The essential starting point for building a tighter alignment and a more productive relationship between marketing and sales is developing a joint framework for qualifying sales leads. Without a common understanding of who constitutes a qualified lead, it's simply impossible to get marketing and sales on the same page.
Marketers and salespeople frequently have differing perspectives about who is a qualified lead. When I'm working with a client on a demand generation project, I interview marketers and salespeople separately, and I ask a simple question: How would you define who constitutes a legitimate sales lead?
The marketers typically say that a qualified lead is someone who works for a company that is in their target market, has an appropriate job title, and has expressed interest (in some way) in what their company offers. The salespeople, on the other hand, will usually say that a legitimate lead is someone who meets the marketers' criteria and whose propensity (and ability) to buy has been established using criteria such as BANT.
When this kind of disparity exists, is it any wonder that marketing and sales are often at odds?
The solution to this problem, of course, is to involve both marketers and salespeople in the development of a lead qualification framework that both groups will use.
There's certainly no need to start from scratch when you're developing a lead qualification framework. With a few minutes research using Google or another search engine, you can find many examples to use as a guide.
Many B2B companies use the Demand Waterfall(TM) developed by SiriusDecisions as the basis for their lead qualification framework, and SiriusDecisions has also developed a "Lead Spectrum" that defines seven lead qualification levels. I am an admirer of the work that SiriusDecisions produces, and I have referred to their models on several occasions in this blog.
When it comes to lead qualification frameworks, however, I usually recommend that companies start with a simpler model. Then, you can add lead stages or lead qualification levels if you identify specific needs for the additional detail. The objective is to develop a lead qualification framework that contains as much detail (but only as much detail) as you really need.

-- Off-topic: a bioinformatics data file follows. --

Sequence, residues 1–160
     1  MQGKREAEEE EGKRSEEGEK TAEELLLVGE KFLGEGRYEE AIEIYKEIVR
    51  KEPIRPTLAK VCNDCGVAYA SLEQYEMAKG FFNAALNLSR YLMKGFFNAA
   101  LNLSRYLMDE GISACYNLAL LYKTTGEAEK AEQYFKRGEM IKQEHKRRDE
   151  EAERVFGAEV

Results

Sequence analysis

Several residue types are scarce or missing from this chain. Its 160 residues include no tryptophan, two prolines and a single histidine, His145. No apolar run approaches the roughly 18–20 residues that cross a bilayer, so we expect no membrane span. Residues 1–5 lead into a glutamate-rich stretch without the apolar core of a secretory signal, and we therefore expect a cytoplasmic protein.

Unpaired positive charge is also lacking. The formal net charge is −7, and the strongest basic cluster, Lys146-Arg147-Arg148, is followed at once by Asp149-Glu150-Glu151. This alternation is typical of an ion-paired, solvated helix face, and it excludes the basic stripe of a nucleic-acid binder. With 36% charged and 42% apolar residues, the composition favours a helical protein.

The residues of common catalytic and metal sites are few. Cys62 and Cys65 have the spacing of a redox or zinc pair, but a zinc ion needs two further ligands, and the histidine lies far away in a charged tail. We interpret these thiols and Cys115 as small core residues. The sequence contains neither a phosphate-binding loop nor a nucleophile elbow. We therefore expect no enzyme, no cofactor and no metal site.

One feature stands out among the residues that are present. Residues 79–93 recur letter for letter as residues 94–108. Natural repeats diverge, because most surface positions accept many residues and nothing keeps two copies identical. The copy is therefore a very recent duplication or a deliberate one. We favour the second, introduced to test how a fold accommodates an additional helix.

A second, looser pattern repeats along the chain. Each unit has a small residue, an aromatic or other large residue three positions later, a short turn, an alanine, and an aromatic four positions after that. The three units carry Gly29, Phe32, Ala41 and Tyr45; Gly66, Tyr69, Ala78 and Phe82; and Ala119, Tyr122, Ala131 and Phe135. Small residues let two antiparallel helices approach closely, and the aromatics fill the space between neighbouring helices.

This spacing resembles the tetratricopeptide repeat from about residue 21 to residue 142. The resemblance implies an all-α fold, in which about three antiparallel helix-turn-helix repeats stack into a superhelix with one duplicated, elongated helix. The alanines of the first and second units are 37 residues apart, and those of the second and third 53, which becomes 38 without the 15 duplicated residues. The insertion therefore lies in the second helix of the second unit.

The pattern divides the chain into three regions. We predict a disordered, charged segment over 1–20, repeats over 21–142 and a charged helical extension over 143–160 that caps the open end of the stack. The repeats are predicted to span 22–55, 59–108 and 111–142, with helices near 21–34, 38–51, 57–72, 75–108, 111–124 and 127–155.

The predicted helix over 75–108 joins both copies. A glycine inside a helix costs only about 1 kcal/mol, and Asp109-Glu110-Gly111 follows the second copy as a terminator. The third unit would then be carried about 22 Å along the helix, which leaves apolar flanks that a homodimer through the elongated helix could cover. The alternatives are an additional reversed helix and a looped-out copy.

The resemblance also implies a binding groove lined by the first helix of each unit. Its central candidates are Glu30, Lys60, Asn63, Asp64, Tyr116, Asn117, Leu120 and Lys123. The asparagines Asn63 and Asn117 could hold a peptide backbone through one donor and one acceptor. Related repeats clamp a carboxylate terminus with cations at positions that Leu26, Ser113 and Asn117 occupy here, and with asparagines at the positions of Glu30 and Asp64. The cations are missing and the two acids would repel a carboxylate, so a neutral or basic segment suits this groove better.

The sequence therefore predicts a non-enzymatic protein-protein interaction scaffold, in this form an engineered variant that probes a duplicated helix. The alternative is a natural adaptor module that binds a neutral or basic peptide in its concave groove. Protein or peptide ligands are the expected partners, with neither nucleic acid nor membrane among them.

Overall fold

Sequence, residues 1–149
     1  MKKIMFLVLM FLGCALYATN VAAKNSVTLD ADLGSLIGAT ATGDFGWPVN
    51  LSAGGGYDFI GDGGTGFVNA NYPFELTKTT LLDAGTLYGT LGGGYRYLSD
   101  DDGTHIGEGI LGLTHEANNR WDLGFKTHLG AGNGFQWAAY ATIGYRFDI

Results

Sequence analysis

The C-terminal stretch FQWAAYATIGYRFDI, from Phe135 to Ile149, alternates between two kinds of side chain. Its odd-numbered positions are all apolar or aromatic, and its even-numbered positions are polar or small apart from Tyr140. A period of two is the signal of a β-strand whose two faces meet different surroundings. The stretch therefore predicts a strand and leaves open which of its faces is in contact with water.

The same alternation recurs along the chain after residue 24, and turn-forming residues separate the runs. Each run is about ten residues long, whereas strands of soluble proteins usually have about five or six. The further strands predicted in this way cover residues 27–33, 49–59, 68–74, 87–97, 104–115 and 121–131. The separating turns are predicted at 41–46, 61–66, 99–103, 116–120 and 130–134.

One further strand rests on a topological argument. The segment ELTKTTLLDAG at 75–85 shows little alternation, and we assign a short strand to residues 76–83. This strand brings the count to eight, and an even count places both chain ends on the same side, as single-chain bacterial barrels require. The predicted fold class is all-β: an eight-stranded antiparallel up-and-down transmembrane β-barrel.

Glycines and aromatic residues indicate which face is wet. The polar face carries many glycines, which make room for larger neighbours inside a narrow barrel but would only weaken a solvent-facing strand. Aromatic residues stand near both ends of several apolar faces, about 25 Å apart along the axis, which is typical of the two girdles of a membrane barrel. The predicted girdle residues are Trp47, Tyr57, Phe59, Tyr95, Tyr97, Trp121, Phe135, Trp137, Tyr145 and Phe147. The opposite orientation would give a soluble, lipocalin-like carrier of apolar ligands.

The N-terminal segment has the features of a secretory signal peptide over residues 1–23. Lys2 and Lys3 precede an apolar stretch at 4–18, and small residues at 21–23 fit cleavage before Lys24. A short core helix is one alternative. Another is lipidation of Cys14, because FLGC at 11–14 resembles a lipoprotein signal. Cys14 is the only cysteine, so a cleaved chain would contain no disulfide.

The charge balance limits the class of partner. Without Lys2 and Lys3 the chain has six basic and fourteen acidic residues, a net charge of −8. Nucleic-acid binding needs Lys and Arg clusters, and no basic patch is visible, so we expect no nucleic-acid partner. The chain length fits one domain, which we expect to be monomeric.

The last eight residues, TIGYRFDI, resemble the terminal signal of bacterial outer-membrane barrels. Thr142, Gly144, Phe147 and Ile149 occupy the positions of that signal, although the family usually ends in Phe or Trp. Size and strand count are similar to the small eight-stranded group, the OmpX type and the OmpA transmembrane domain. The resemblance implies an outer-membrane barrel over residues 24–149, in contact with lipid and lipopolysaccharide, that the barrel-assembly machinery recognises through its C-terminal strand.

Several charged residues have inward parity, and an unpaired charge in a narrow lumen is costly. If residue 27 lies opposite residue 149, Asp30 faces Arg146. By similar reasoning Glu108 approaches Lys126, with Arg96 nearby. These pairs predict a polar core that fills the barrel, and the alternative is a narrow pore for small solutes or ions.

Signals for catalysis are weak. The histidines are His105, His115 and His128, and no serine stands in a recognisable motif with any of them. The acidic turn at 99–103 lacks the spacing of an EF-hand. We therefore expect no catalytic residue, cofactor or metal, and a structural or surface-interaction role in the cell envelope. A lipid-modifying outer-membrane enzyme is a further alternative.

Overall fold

The "starter" lead framework that I typically use with clients has four lead qualification levels - Inquiry, Profiled Lead, Sales-Ready Lead, and Sales Opportunity.
The conceptual approach underlying this framework is simple. The first significant event in the lead qualification process occurs when someone identifies himself or herself and indicates some initial interest in your company (or, more likely, in a content resource your company has published). This makes the individual an Inquiry.
Your first task is to determine which of your Inquiries fit within your target market. Depending on what information you collected when the individual identified himself or herself, you may be able to perform this task without needing more information from the lead. For example, if you have a company name, a few minutes of research will enable you to determine whether the company fits your target market definition (in terms of size, industry, etc.). On the individual level, you may have collected a job title during the initial identification, but if not, a little research should enable you to obtain that information. If a lead fits within your target market, you then have a Profiled Lead.
For marketing/sales alignment purposes, the most critical lead stage to define is what I call a Sales-Ready Lead. In an optimized demand generation system, marketing is primarily responsible for acquiring new leads and for nurturing leads until they are sales ready. Once a lead becomes sales ready, sales assumes primary responsibility for managing that relationship. What transforms a Profiled Lead into a Sales-Ready Lead is the level of interest the lead expresses (either explicitly or via behavior) in what your company offers. For a discussion of how I define Sales-Ready Lead, see my earlier post titled What is a "Sales-Ready Lead?"
The final lead stage used in my starter framework is Sales Opportunity. The critical defining characteristic of a Sales Opportunity is that the prospect's buying process has advanced far enough that you can reasonably project when a buy/no-buy decision will be made. In other words, with a Sales Opportunity, you can forecast (within reasonable parameters) when a prospective deal will close.
A simple lead qualification framework is not that difficult to develop, and it can drive a significant improvement in marketing/sales alignment.